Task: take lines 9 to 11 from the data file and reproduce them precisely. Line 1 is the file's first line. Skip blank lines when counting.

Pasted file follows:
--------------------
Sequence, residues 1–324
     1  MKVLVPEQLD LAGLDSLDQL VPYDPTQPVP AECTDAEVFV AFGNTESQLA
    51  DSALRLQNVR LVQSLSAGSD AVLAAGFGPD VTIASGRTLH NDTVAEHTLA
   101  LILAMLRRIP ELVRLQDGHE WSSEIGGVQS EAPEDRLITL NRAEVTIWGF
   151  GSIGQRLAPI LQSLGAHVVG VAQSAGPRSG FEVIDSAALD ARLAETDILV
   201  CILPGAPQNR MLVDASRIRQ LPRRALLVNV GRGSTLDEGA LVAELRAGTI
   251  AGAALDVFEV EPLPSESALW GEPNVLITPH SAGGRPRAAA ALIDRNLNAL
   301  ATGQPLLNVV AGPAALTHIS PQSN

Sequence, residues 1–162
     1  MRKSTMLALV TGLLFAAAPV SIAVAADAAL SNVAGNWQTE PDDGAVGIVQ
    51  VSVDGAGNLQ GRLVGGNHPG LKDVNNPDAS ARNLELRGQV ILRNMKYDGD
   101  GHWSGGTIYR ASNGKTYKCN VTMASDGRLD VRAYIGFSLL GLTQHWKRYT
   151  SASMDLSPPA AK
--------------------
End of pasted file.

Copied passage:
Sequence, residues 1–162
     1  MRKSTMLALV TGLLFAAAPV SIAVAADAAL SNVAGNWQTE PDDGAVGIVQ
    51  VSVDGAGNLQ GRLVGGNHPG LKDVNNPDAS ARNLELRGQV ILRNMKYDGD